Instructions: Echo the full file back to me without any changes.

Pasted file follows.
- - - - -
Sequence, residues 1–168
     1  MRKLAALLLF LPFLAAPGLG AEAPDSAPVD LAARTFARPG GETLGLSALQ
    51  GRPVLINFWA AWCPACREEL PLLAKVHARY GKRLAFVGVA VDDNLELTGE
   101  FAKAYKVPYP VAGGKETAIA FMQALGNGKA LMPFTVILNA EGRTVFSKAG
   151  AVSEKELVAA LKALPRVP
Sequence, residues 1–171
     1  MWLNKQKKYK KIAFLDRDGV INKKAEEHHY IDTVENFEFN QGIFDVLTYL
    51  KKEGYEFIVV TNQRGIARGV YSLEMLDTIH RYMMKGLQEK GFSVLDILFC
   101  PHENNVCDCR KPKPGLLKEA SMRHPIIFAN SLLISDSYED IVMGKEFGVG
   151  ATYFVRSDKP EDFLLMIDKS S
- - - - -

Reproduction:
Sequence, residues 1–168
     1  MRKLAALLLF LPFLAAPGLG AEAPDSAPVD LAARTFARPG GETLGLSALQ
    51  GRPVLINFWA AWCPACREEL PLLAKVHARY GKRLAFVGVA VDDNLELTGE
   101  FAKAYKVPYP VAGGKETAIA FMQALGNGKA LMPFTVILNA EGRTVFSKAG
   151  AVSEKELVAA LKALPRVP
Sequence, residues 1–171
     1  MWLNKQKKYK KIAFLDRDGV INKKAEEHHY IDTVENFEFN QGIFDVLTYL
    51  KKEGYEFIVV TNQRGIARGV YSLEMLDTIH RYMMKGLQEK GFSVLDILFC
   101  PHENNVCDCR KPKPGLLKEA SMRHPIIFAN SLLISDSYED IVMGKEFGVG
   151  ATYFVRSDKP EDFLLMIDKS S